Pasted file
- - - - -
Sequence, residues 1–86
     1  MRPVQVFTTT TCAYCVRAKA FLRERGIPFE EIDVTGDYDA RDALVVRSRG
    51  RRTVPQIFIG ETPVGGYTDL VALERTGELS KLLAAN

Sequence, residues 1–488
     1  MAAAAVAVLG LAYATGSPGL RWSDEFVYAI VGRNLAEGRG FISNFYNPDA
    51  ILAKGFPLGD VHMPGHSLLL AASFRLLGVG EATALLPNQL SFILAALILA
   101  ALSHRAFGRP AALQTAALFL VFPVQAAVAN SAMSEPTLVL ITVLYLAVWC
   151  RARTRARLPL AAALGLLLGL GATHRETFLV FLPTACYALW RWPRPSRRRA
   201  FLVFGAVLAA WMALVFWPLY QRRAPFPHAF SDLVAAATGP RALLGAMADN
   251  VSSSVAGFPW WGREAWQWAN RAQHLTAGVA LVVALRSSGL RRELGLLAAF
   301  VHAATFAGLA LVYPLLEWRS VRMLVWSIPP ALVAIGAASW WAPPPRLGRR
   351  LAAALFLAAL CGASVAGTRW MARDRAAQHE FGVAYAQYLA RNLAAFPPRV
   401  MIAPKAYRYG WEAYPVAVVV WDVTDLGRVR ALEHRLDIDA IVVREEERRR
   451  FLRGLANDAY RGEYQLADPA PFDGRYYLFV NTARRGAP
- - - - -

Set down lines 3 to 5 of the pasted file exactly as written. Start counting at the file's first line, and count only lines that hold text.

    51  RRTVPQIFIG ETPVGGYTDL VALERTGELS KLLAAN

Sequence, residues 1–488
     1  MAAAAVAVLG LAYATGSPGL RWSDEFVYAI VGRNLAEGRG FISNFYNPDA